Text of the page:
Reminders of wartime are everywhere in the German capital, finds Dean Parker, who takes the chance to pay tribute to our own fallen men.

The ceremony was to be at 10.30am. "None of that dawn service nonsense here," said Isabel.

Two days before we had arrived in Berlin and walked from the Brandenburg Gate past the Jewish Memorial, a concrete domain of carefully ordered and variously sized blank tombs that slopes down at its centre, taking you into shadowy Kafkaesque depths - probably best experienced in the snows of winter, as on sunny late-April days it seems to be largely used for sunbathing.

We had crossed Hannah Arendt Strasse to a cafe, ordering a coffee and a riesling. There Isabel consulted her Lonely Planet, looked up, stared over the road and said, "Hitler's Bunker seems to have been just over there." And it was.

At the end of a short street of administrative buildings was a T-junction. On the far side rose housing blocks. Between the junction and the housing was a cleared area, a bare flat gravel car park, and a tin sign: "Hitler's Bunker".


Apart from the sign, you wouldn't suspect anything untoward had occurred on the spot, certainly not three months of increasing frenzy, Benzedrine-fuelled orders to non-existent armies, screams of "Treachery!" and multiple poisonings followed by fatal gunshot wounds.

Nothing beside remains. Round the decay
Of that colossal wreck, boundless and bare,
The lone and level sands stretch far away.
Lone and level gravel.

The Bunker had apparently lain for years desolate and undisturbed, part of the East German wastelands round the Wall, before being filled in. That night we returned to our room in the Turkish immigrant neighbourhood of Neukolln, emailed the New Zealand Embassy and got the details for Friday's Anzac Day ceremony.

The following day we had a drink with Hattie St John, the New Zealand jazz singer who had left Auckland for Berlin in the 1990s. She introduced us to her friend Burkhard. He was thinking of writing a screenplay about a relative who died in the last weeks of the war, aged just 16.

He had inherited a collection of the boy's school notebooks. In one notebook, dating from 1939 when he would have been 10, the boy had written, "Soon there will be a world war" and then added, " started by the Jews."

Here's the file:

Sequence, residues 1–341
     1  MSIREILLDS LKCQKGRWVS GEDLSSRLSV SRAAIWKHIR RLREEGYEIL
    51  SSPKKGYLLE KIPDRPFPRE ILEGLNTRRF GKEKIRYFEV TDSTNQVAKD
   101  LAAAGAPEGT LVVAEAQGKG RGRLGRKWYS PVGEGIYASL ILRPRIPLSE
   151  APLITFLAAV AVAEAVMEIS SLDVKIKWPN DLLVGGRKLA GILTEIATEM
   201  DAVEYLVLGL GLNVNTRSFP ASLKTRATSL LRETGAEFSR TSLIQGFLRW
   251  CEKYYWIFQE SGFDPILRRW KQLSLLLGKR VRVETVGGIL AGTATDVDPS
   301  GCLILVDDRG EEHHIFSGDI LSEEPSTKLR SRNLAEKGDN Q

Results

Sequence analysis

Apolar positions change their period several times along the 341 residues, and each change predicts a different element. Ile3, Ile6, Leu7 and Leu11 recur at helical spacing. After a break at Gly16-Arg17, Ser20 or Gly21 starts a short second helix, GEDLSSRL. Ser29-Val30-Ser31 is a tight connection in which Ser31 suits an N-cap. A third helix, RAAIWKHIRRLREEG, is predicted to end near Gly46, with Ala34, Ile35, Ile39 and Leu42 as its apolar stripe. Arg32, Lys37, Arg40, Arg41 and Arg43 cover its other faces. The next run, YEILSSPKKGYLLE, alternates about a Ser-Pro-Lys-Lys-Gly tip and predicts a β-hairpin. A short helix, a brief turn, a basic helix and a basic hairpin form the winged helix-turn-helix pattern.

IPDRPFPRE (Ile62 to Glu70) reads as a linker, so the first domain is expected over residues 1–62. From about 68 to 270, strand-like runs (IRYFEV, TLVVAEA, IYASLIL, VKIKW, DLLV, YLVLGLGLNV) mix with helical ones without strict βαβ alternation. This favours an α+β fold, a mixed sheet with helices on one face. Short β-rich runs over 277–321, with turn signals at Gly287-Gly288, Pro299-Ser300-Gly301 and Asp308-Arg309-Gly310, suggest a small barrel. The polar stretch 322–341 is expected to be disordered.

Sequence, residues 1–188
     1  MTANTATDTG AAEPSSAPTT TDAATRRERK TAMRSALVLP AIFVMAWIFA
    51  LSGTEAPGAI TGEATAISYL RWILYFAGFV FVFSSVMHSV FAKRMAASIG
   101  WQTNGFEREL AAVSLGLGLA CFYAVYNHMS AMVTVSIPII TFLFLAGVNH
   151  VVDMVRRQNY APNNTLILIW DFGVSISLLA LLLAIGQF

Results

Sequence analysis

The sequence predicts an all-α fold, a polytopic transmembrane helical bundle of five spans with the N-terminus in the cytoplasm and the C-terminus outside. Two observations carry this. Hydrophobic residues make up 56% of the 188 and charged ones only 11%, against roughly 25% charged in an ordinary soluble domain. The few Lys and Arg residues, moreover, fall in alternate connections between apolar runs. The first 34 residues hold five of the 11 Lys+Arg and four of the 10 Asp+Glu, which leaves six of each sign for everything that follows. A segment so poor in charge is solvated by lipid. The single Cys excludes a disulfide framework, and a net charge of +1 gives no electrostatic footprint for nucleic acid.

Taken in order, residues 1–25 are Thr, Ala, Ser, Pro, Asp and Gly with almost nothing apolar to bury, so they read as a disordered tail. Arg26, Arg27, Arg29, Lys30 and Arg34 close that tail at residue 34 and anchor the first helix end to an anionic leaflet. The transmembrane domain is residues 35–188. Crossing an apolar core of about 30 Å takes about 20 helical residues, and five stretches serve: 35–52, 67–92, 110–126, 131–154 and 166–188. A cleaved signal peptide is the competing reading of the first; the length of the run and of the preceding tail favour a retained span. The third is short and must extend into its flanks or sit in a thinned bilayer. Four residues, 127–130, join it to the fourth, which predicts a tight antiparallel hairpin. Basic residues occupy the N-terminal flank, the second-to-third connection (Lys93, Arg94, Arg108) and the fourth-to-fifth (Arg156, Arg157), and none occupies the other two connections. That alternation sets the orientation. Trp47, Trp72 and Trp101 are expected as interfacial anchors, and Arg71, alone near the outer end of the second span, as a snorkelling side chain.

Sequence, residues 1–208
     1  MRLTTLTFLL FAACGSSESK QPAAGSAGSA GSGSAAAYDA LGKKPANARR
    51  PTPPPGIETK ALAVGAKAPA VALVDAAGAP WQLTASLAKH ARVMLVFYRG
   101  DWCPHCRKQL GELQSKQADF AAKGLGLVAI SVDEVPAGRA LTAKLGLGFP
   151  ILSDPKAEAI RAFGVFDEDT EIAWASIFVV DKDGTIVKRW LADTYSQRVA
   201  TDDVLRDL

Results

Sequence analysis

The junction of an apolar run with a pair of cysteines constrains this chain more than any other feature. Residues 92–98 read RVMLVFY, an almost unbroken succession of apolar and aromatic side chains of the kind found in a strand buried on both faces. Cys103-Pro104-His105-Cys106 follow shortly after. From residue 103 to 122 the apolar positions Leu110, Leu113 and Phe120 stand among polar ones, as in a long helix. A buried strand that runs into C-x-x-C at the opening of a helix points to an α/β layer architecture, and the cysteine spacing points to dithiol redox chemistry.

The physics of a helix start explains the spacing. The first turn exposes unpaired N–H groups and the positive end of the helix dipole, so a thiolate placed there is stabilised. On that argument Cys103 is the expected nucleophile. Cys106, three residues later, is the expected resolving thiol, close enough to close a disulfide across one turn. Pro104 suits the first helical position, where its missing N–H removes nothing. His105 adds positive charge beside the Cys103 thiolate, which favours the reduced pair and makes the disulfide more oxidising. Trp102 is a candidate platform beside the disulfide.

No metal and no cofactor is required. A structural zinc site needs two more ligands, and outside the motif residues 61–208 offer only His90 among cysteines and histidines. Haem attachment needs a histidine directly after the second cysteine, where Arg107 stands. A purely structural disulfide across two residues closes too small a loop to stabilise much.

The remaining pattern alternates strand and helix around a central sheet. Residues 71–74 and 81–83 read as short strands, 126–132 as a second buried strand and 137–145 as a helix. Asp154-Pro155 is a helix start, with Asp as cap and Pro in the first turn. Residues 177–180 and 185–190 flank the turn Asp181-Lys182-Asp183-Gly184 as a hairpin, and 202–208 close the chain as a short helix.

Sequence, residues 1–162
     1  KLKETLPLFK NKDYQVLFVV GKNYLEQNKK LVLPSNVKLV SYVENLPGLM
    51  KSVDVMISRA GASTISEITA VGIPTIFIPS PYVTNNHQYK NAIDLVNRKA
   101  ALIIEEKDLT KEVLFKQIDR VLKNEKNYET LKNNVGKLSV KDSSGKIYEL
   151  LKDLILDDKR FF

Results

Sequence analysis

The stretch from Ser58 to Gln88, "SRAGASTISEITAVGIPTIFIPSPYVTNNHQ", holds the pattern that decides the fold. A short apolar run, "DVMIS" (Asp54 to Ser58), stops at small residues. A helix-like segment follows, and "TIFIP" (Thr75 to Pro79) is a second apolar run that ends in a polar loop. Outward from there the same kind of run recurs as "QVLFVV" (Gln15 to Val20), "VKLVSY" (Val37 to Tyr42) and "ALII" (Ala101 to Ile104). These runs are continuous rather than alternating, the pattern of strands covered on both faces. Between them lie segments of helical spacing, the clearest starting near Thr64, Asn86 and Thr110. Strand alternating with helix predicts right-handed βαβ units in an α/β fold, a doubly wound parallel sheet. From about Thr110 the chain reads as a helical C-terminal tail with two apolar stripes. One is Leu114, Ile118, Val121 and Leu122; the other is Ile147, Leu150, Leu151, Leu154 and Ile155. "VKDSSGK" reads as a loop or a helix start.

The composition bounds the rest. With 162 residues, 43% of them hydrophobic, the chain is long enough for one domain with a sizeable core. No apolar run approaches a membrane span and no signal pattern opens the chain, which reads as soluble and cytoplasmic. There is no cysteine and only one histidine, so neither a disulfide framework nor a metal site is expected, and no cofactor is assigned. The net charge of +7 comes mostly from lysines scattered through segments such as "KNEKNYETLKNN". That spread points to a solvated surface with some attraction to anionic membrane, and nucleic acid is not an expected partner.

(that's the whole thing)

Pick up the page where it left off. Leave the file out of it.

The boy was killed in Berlin in the last days of World War II, carrying ammo to the city's hapless anti-aircraft units.

For those of us of a certain age, our parents' children, it's impossible not to see Berlin framed by all this.

In one of Neukolln's gradually gentrifying corners we attended a party of welcoming, well-heeled, handsome young people. There was a shining piano in the main room at which the host played while a young woman sang melancholic cabaret numbers from the 30s. The women had short hair, the men were blonde. You couldn't help but see George Grosz and Otto Dix images everywhere, couldn't help but keep hearing stormtroopers marching in time to the Aryan soul sounds.

Vor der Kaserne,
Vor dem groen Tor,
Stand eine Laterne,
Und steht sie noch davor,
So woll'n wir uns da wieder seh'n,
Bei der Laterne wollen wir steh'n,
Wie einst, Lili Marleen,
Wie einst, Lili Marleen

It all drives you into the nearest English-language bookshop to hunt out Christopher Isherwood's Cabaret stories.

Friday, April 25 was now upon us and we took the u-bahn - the underground train - and then the s-bahn - the overground - to the Commonwealth Graves section of the 1939-45 War Cemetery.

The trip took us past forest parks and scattered cottages and out past the monumental 1936 Olympics Stadium with its nearby Jesse Owens Allee, named after the black American athlete who took four gold medals and commented on the novelty of being able to sit wherever you liked on public transport.

It was a beautiful spring day, a cloudless blue sky. We walked from the station along a concrete highway and turned off into a forest of maple trees. A carpet of green leaves led up to memorial arches.

Beneath the arches an Embassy woman distributed poppies. Diplomats strode ahead of us in their suits, spry and fit, products of the gym and the pool.

There was gold braid, there were peaked caps and berets.

Auckland jazz singer Hattie St John and her German friend Burkhard. Photo / Dean Parker
Auckland jazz singer Hattie St John and her German friend Burkhard. Photo / Dean Parker

About us were graves of unidentified dead airmen and I remembered those stories from the past, of older chaps being asked if they'd been to Berlin and replying, "No . . . Flew over it a few times." Isabel's uncle had been one such, a lucky survivor - almost half of them were killed.

About a hundred people had gathered for the service. Hattie St John had told us the Embassy used to have excellent after-gig bashes but times of post-global-financial-crisis seemed to have fallen hard upon it.

Oh, for the good old Paris days of the 50s when Jean McKenzie and Paddy Costello made the words "New Zealand diplomatic service" synonymous with drunken guests comatose on the chancery floor!

We sang Abide With Me and watched the laying of the wreaths. The Turkish ambassador read out those astonishing words of Kemal Ataturk: "You, the mothers, who sent their sons from far away countries, wipe away the tears. Your sons are now lying in our bosom they have become our sons as well." What Kiwi would show such sympathy to a home invader?

A couple of days later neo-Nazis tried to march through another immigrant neighbourhood close by. They got 160 metres. As I sat in my Airbnb room reading my copy of Isherwood's Goodbye to Berlin and tut-tut-tutting at the resistible rise of fascism, 6000 young Berliners turned up and threw them off the streets.



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